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I am at the point that I have too much of them on a percentage basis for my portfolio.

I could just dump a portion and my precentage would be fine. But, I do not want to miss a nice upside movement on them.

On the other hand, there are quite a few stocks that could make more that they will.

They are equally in tax/tax deferred accounts.

Do you think a valuation model would be helpful to me?


Hi RunTex,

Welcome aboard!

While I can't give you specific advice about your stocks, we discussed a similar situation over at Stock Advisor a couple of issues ago, with the runup in Netflix that had lead to a similar overweighting for many people, including me.

In general, we advise that you should be able to sleep at night with your investments. If a position is getting too large where you begin to worry about it, it's probably time to trim back to something you're more comfortable with. As for worrying about missing out on further gains, believe me, I understand that too. I sold 2/3 of my Netflix position at about $140 or so, so I've given up about $50 of upside since then on those shares I sold. What's worked for me is that I was able to put the money to work elsewhere where it's doing well (though maybe not as good as the Netflix has done since). I also have some shares remaining, so I didn't give up all the upside. Finally, I've realized that such a feeling is based on fear (fear of missing out, that is), and emotions have no place in investing decisions. Just consider if you let that fear drive your decision and then the stocks tank (which they could). You'd feel even more terrible for not having sold some at a good profit. There's nothing wrong with lightening a position down to the point where you feel comfortable again, especially if you have another place for the money.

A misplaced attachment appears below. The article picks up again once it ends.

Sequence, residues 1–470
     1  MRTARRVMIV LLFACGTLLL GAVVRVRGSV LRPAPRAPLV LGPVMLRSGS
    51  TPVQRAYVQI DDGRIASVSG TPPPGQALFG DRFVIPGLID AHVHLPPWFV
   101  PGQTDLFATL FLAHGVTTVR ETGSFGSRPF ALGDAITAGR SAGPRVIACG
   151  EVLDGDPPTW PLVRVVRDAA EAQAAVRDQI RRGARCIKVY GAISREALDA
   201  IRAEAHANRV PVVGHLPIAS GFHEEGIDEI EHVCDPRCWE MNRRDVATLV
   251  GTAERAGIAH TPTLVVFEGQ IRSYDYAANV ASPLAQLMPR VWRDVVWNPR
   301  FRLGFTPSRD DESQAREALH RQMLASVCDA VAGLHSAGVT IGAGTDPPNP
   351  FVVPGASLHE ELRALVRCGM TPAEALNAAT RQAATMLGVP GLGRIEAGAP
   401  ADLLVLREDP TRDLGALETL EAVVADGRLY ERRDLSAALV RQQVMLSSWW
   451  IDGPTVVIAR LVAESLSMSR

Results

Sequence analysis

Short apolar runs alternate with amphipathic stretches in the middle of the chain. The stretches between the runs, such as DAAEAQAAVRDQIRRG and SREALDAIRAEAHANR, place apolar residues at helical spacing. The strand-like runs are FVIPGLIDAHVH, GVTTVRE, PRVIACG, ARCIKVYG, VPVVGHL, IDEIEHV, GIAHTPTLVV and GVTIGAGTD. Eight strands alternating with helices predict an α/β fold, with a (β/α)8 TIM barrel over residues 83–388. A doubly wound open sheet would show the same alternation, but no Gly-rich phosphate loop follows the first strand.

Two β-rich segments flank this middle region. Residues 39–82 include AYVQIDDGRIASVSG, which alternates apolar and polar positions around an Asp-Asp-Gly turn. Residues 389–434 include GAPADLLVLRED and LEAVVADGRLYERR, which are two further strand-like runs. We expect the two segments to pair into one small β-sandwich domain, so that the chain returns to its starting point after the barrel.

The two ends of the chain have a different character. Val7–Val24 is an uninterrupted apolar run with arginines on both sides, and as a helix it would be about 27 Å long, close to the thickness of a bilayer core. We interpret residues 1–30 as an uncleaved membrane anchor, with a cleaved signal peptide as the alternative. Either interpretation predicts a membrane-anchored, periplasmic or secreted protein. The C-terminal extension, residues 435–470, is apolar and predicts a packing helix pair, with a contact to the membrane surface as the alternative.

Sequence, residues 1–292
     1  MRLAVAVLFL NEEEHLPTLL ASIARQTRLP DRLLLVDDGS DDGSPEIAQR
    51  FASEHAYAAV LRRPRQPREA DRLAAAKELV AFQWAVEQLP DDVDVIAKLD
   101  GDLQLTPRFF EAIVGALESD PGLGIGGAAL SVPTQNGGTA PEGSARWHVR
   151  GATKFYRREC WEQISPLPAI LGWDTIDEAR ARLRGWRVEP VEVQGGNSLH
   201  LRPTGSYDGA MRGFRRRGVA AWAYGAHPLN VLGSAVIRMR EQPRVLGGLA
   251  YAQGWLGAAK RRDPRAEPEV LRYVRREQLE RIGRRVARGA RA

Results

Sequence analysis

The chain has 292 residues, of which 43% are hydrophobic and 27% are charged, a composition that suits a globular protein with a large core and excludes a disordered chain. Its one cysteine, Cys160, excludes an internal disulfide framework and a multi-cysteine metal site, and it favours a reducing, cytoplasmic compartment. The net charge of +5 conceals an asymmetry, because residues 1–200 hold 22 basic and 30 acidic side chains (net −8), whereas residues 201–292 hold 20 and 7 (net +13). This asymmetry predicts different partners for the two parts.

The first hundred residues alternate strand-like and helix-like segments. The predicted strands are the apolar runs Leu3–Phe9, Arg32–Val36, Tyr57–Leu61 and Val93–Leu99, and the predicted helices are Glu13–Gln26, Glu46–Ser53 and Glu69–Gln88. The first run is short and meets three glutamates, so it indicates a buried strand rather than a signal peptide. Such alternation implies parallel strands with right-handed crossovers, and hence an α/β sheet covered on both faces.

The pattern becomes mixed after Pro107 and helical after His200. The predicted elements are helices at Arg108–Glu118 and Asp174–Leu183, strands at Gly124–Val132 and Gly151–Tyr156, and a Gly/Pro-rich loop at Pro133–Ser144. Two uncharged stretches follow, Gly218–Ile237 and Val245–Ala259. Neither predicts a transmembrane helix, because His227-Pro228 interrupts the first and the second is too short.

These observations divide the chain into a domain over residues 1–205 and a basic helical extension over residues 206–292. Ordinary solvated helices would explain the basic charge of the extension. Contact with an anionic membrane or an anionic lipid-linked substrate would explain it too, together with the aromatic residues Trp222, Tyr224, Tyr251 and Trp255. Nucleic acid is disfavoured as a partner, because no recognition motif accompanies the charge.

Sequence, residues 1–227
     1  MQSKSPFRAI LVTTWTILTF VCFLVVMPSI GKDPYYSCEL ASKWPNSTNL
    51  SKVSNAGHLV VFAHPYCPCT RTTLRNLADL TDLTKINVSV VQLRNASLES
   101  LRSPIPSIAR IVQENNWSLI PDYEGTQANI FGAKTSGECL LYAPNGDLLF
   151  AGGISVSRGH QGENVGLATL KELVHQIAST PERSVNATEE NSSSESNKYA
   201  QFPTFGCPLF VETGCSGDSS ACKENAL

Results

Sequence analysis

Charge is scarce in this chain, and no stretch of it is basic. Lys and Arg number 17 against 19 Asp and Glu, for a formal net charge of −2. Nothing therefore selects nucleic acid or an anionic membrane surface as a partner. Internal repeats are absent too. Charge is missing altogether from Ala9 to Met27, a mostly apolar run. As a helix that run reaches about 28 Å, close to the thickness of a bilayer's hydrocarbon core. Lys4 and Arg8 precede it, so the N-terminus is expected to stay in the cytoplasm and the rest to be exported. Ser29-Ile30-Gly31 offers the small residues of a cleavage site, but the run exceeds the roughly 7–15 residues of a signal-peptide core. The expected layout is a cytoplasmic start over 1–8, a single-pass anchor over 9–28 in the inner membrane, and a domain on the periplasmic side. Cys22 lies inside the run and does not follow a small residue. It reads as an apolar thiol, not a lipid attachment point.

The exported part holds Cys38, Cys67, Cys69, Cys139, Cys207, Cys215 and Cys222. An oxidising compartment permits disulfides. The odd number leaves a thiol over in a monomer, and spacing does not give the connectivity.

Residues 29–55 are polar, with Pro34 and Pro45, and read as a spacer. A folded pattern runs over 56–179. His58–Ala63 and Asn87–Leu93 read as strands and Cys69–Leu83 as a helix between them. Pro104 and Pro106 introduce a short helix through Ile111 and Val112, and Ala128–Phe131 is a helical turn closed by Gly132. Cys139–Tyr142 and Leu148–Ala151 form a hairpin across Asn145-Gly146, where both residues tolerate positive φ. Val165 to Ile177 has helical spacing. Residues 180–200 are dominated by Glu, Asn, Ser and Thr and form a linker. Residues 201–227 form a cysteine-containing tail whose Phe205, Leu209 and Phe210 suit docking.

As for valuation, that comes more from an understanding of the company than it does from plugging numbers into a spreadsheet. Before you can do the latter, you've got to learn what makes a company tick, what drives its revenue, earnings, and growth prospects. From that, you can build a valuation model. Better yet, build several with different sets of assumptions, because no one model is going to get it right. Last February, I valued Netflix at anything between $38 and $120 (or thereabouts), at a time when the shares were trading at $60, just by changing some of the growth and margin assumptions. Today? $190. I thought I had the possibilities pegged and the company and the market blew past my most optimistic scenario without breaking a sweat.

Study the company, learn what makes it tick. Then build a valuation model (or two or five) but know that you'll probably be wrong one way or the other. The exercise is good because it forces you to think about the company and the business, but don't expect to be right on the model(s).

If you have any questions about the MUE valuations, ask away.

Cheers,
Jim
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